COURSES

Politics 573 / Sociology 595: Quantitative Analysis III, Princeton - Fall 2015 (Instructor: Kosuke Imai)

Teaching Assistant. Graduate level course in applied statistical methods for social scientists, covers a variety of statistical methods including expectation maximization, variational inference, models for longitudinal data, and survival analysis. 

Evaluations
  • Precepts were really helpful. Yang-Yang’s slides were incredibly clear and useful, and I like that the precept was geared towards troubleshooting topics that we were clearly having issues comprehending e.g., EM algorithm. In addition, I thought office hours were a great balance of being accessible with help but prompting us to work through as much of the problem as possible on our own e.g., with board work. All in all, I know we were all incredibly grateful for all of Yang-Yang’s hard work on the class. It was definitely my best graduate student preceptor experience in my time here.
  • Being a preceptor for this course requires immense work and patience. She had this and was very kind to everyone.
  • Her slides were wonderfully useful, covered a lot of gaps from lecture. They were really an instrumental part of learning in the course.
  • Yang-Yang is a great teacher, she put an incredible amount of work into precepts and helping us to understand the material.

Links: (Syllabus) (Example lecture)

Politics 230 / Woodrow Wilson 325: Introduction to Comparative Politics, Princeton - Spring 2015 (Instructor: Grigore Pop-Eleches

Teaching Assistant. This undergraduate course surveys institutions of government and explores the role of government in economic and social affairs in developing as well as advanced industrial countries. The overarching theme is the relationship between capitalism, democracy, and economic development. The course also provides an introduction to the comparative method.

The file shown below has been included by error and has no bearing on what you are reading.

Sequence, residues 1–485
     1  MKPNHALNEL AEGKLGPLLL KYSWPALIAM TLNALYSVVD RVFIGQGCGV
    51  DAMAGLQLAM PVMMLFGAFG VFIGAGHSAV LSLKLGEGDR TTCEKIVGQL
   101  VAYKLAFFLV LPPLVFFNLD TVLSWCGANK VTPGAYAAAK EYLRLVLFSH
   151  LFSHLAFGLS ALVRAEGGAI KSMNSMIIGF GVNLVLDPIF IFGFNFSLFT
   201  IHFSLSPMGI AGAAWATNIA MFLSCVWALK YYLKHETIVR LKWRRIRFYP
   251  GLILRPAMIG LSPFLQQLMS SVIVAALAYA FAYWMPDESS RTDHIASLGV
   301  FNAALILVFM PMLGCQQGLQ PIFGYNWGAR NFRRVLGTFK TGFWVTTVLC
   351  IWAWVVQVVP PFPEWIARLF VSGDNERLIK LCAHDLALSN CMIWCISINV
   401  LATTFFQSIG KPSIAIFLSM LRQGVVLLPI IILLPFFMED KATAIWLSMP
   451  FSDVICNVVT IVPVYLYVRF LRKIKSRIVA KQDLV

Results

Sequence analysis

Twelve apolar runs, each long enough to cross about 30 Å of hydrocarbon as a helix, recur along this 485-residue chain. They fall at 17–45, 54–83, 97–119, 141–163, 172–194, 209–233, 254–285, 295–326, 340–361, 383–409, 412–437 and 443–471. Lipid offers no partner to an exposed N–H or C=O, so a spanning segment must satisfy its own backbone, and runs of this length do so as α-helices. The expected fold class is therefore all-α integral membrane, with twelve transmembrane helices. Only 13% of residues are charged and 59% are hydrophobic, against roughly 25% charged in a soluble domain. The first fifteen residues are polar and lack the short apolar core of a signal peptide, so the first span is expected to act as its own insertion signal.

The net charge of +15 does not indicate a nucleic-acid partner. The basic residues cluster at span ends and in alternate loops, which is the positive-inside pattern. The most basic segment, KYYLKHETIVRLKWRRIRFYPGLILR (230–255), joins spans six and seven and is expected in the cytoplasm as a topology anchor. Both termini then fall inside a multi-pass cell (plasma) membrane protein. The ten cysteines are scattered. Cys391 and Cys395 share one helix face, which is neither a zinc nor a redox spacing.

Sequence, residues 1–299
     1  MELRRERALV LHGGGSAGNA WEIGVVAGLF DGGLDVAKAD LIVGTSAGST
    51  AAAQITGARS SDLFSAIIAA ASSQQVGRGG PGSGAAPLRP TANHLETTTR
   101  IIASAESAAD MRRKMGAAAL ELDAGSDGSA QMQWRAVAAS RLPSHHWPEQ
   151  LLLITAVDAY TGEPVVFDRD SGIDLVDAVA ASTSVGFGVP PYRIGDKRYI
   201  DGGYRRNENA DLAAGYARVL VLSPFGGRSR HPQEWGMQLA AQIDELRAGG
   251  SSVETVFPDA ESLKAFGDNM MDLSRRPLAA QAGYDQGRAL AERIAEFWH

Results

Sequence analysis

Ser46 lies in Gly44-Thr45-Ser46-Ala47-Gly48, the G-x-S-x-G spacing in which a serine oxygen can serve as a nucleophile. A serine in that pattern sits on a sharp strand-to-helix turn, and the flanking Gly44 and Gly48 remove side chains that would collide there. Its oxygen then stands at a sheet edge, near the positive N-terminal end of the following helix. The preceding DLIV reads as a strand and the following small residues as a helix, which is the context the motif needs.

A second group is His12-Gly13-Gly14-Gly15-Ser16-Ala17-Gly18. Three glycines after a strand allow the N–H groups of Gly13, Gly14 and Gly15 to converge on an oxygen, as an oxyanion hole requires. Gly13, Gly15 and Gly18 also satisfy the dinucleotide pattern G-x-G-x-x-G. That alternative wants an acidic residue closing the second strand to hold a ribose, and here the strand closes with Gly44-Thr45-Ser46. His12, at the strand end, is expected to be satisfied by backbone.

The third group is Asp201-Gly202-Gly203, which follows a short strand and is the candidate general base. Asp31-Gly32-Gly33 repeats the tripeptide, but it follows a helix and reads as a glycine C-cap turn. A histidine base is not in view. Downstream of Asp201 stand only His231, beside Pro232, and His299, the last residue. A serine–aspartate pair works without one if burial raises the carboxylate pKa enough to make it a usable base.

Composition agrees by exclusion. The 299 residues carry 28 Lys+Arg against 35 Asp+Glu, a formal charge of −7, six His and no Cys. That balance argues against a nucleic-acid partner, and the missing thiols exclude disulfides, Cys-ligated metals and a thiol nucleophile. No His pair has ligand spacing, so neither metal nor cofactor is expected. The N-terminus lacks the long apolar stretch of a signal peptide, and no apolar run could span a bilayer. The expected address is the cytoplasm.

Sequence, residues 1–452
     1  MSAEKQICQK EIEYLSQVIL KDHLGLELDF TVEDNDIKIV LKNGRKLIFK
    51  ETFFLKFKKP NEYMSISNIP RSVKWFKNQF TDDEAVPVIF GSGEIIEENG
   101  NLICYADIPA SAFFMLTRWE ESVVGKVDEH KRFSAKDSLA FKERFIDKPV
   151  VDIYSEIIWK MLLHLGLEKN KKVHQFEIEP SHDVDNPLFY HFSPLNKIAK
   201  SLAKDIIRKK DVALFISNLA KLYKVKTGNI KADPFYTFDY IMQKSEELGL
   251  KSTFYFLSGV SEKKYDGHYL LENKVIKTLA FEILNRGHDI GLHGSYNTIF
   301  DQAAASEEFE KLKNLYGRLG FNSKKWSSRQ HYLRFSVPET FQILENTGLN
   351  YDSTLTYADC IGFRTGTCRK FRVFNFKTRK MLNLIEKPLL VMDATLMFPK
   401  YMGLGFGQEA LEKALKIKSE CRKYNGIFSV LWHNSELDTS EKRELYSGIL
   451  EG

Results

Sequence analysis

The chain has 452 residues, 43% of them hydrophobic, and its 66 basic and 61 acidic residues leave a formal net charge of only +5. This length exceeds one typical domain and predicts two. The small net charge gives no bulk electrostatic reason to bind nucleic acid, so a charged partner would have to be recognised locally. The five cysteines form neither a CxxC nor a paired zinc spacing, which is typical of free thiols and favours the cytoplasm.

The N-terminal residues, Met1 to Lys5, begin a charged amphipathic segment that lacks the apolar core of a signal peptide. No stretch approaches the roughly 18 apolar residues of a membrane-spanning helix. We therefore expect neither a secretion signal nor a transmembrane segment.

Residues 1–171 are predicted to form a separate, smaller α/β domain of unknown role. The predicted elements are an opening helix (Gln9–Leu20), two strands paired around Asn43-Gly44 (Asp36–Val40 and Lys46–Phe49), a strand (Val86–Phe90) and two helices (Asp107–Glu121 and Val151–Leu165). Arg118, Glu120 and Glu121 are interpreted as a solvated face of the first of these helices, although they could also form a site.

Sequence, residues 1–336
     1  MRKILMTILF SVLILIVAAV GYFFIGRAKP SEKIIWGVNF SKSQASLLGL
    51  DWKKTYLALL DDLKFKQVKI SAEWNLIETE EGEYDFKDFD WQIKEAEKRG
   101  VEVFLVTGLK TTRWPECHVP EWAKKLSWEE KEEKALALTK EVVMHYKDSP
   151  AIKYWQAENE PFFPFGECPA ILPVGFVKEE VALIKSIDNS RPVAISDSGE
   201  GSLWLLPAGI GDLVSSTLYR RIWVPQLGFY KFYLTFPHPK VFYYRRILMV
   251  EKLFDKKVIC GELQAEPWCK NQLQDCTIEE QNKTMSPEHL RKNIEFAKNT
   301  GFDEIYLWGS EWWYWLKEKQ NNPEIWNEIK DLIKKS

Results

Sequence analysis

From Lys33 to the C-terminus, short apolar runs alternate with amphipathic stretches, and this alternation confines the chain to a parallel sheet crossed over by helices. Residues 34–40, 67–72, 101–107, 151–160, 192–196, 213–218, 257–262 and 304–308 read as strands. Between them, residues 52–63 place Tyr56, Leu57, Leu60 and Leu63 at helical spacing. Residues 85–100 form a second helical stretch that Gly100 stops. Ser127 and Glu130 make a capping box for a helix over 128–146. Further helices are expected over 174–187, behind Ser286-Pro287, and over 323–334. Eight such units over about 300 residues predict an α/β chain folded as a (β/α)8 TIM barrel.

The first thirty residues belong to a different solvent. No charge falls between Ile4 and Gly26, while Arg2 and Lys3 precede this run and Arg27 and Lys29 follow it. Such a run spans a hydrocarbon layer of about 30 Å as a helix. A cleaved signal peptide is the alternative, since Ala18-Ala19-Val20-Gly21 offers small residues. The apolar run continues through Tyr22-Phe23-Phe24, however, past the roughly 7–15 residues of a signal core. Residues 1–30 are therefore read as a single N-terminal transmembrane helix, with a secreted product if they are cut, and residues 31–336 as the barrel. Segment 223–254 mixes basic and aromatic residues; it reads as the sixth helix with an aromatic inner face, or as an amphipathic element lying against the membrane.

Evaluations
  • Yang-Yang was an amazing preceptor. She was patient and really wanted to make sure that we understood the material. She also helped us to break down the arguments in a logical way, and she has also been a great resource in preparation for the midterm exam and final paper.
  • Discussion was readily facilitated and in general the atmosphere was such that I felt comfortable speaking my mind.
  • The preceptor was very good at helping us understand the material. She provided charts and outlines about the weekly subjects in order to deepen our understanding.
  • Yang-Yang was truly awesome. She was very helpful and knew everything there was to know. Now I might major in politics.

Links: (Syllabus) (Example lecture)

College Writing 101: English Composition, Prison Teaching Initiative, Albert C. Wagner Youth Correctional Facility - Spring 2015          

Co-Instructor. This college composition course focuses on reinforcing grammar, constructing original persuasive arguments, and literary analysis. Approximately 95 percent of all inmates in New Jersey prisons will be released. In addition to providing intellectual engagement during incarceration and improving job prospects after release, in-prison education provides a positive social network, support system, and commitment schedule that helps inmates readjust to life outside of prison. The New Jersey Scholarship and Transformative Education in Prisons (NJ-STEP) program and the Prison Teaching Initiative (PTI) draw volunteer teachers from graduate students, post-docs and faculty of Princeton University to offer college-level instruction in four New Jersey prisons. The courses are accredited by Mercer County Community College, and they count toward an associate’s degree or, if used to transfer to one of the Rutgers University campuses, toward a bachelor’s degree.  

Links: (Syllabus)


WORKSHOPS

Very Applied Methods Workshop: Political Science Department, Stanford - November 2017                                                         

When survey researchers study sensitive questions, we may not receive honest answers. Given privacy concerns, social desirability, even fear of physical and legal reprisals, respondents may feel pressured to give deceptive responses or even refuse to answer. This presentation gives an overview of three survey question methods – list experimentsendorsement experiments, and the randomized response technique – aimed at addressing this problem by obscuring the truthful response of individuals and thus offering privacy protection to respondents, which encourages honest responses and lower non-response rates.

Links: (Slides) (Project website)